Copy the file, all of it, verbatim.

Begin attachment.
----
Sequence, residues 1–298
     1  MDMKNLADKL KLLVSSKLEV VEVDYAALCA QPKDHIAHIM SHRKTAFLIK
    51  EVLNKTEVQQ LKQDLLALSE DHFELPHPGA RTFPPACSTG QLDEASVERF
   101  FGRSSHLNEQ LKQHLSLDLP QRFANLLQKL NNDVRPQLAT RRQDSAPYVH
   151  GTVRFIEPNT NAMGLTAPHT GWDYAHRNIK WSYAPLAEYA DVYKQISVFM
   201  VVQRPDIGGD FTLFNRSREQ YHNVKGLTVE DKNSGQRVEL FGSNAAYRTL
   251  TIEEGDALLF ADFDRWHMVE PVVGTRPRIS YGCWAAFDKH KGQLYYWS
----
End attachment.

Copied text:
Sequence, residues 1–298
     1  MDMKNLADKL KLLVSSKLEV VEVDYAALCA QPKDHIAHIM SHRKTAFLIK
    51  EVLNKTEVQQ LKQDLLALSE DHFELPHPGA RTFPPACSTG QLDEASVERF
   101  FGRSSHLNEQ LKQHLSLDLP QRFANLLQKL NNDVRPQLAT RRQDSAPYVH
   151  GTVRFIEPNT NAMGLTAPHT GWDYAHRNIK WSYAPLAEYA DVYKQISVFM
   201  VVQRPDIGGD FTLFNRSREQ YHNVKGLTVE DKNSGQRVEL FGSNAAYRTL
   251  TIEEGDALLF ADFDRWHMVE PVVGTRPRIS YGCWAAFDKH KGQLYYWS